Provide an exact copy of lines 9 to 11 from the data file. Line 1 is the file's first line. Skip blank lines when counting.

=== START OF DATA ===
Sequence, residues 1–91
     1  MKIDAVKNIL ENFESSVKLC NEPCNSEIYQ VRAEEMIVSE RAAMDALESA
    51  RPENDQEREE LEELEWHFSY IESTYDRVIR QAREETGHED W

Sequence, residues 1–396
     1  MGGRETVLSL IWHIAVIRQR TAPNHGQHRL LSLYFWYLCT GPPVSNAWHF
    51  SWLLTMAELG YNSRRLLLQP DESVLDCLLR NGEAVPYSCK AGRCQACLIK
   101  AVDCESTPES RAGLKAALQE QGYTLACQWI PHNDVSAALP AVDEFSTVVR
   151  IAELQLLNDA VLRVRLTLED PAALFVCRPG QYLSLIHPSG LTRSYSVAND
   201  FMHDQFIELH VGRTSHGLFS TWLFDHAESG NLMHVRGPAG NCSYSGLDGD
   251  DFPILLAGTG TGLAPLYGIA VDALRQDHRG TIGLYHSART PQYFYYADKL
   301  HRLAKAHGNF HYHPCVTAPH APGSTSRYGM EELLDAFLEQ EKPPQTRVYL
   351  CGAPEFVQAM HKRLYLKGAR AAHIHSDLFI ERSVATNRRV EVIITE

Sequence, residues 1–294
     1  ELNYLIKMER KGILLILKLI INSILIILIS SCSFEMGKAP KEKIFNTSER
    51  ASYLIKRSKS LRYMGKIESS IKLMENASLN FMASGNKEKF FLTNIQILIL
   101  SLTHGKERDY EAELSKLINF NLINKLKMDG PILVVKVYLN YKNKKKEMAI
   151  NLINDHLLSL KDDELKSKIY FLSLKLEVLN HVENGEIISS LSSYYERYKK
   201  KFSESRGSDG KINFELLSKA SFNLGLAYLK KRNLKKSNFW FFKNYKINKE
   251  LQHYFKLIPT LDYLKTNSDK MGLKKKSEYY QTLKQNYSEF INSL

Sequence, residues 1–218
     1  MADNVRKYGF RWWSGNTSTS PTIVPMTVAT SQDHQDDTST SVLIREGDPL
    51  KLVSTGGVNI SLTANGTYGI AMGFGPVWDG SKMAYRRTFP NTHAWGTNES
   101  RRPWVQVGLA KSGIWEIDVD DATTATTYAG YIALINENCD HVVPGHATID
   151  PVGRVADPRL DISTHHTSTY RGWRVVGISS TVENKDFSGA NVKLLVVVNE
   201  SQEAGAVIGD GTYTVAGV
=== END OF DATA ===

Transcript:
   201  FMHDQFIELH VGRTSHGLFS TWLFDHAESG NLMHVRGPAG NCSYSGLDGD
   251  DFPILLAGTG TGLAPLYGIA VDALRQDHRG TIGLYHSART PQYFYYADKL
   301  HRLAKAHGNF HYHPCVTAPH APGSTSRYGM EELLDAFLEQ EKPPQTRVYL